OREGON County, MO
Oregon County is a county located in the southern portion of the U.S. state of Missouri. As of the 2020 census, the population was 8,635. Its county seat is Alton. The county was officially organized on February 14, 1845, and was named for the Oregon Territory in the northwestern United States.
Home to a large area of the Mark Twain National Forest, Oregon County contains more national forest acreage than any county in the state of Missouri. It also contains the Irish Wilderness, the largest federally protected wilderness area in the state. Hiking, backpacking, and horseback riding opportunities abound on the Ozark Trail and the White's Creek Trail. Canoeing, kayaking, jonboating, and fishing are popular on the Eleven Point River, which is Missouri's only National Wild and Scenic River.
Eleven Point State Park is under development east of Alton, Missouri that includes 6 miles of Eleven Point River frontage.
Grand Gulf State Park is just west of Thayer that includes a collapsed karst canyon.
Oregon County was created in 1845, at a time when the Oregon boundary dispute was a major issue.
The county has a total area of , of which is land and (0.2%) is water. Arkansas is located to the south of Oregon County.
National protected area
As of the census of 2000, there were 10,344 people, 4,263 households, and 3,018 families residing in the county. The population density was 13 people per square mile (5/km2). There were 4,997 housing units at an average density of 6 per square mile (2/km2). The racial makeup of the county was 94.61% White, 0.10% Black or African American, 2.88% Native American, 0.14% Asian, 0.01% Pacific Islander, 0.08% from other races, and 2.19% from two or more races. Approximately 1.09% of the population were Hispanic or Latino of any race. Among the major first ancestries reported in Oregon County were 29.7% American, 13.4% English, 13.1% Irish, and 13.0% German.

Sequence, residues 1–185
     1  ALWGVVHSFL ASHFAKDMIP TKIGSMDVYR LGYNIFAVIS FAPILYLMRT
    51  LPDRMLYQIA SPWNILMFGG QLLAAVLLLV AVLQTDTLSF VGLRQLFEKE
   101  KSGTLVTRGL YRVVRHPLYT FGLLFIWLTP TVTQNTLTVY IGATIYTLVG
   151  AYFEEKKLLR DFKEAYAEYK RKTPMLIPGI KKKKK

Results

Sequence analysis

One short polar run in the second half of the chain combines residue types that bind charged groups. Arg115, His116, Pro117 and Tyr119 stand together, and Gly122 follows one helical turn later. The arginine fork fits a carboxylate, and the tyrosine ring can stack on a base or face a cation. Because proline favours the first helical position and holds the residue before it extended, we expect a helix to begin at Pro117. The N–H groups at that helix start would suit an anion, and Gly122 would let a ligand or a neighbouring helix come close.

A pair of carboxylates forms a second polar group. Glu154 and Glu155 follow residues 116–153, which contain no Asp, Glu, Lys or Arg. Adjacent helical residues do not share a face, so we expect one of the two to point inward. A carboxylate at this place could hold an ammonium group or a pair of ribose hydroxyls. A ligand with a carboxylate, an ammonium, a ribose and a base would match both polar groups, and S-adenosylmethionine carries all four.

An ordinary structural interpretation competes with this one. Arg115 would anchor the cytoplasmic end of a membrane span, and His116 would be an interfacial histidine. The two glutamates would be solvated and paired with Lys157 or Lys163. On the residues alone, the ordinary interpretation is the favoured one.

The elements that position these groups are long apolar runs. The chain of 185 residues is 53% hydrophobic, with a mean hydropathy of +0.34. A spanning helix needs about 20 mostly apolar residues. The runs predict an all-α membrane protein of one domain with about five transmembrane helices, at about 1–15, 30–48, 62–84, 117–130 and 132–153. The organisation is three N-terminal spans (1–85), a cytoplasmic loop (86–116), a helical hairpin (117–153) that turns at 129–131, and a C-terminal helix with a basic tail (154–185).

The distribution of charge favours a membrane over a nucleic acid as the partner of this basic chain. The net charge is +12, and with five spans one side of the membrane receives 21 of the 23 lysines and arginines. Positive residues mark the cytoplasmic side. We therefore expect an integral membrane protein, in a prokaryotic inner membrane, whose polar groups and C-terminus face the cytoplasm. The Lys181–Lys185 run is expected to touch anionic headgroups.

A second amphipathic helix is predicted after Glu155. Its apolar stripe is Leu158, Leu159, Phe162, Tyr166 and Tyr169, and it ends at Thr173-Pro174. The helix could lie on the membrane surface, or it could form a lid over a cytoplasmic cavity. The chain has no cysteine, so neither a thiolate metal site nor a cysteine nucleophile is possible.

There were 4,263 households, out of which 29.30% had children under the age of 18 living with them, 58.80% were married couples living together, 8.40% had a female householder with no husband present, and 29.20% were non-families. 26.20% of all households were made up of individuals, and 13.90% had someone living alone who was 65 years of age or older. The average household size was 2.40 and the average family size was 2.86.
In the county, the population was spread out, with 24.30% under the age of 18, 7.00% from 18 to 24, 24.10% from 25 to 44, 26.50% from 45 to 64, and 18.00% who were 65 years of age or older. The median age was 41 years. For every 100 females there were 96.40 males. For every 100 women age 18 and over, there were 92.80 men.
The median income for a household in the county was $26,119, and the median income for a family was $31,637. Males had a median income of $22,304 versus $16,353 for females. The per capita income for the county was $15,043. About 16.30% of families and 22.00% of the population were below the poverty line, including 28.20% of those under age 18 and 20.00% of those age 65 or over. Of the state's 115 counties, in 2010 Oregon ranked last in terms of poverty.
According to the Association of Religion Data Archives County Membership Report (2010), Oregon County is a part of the Bible Belt with evangelical Protestantism being the majority religion. The most predominant denominations among residents in Oregon County who adhere to a religion are Southern Baptists (46.0%), National Association of Free Will Baptists (30.1%), and Churches of Christ (9.1%).
Political control at the county level is currently divided between the Democratic and Republican parties.
All of Oregon County is a part of the 143rd District in the Missouri House of Representatives and is currently represented by [http://house.mo.gov/member.aspx?year=2017&district=143 Jeffrey Pogue] (R-Salem).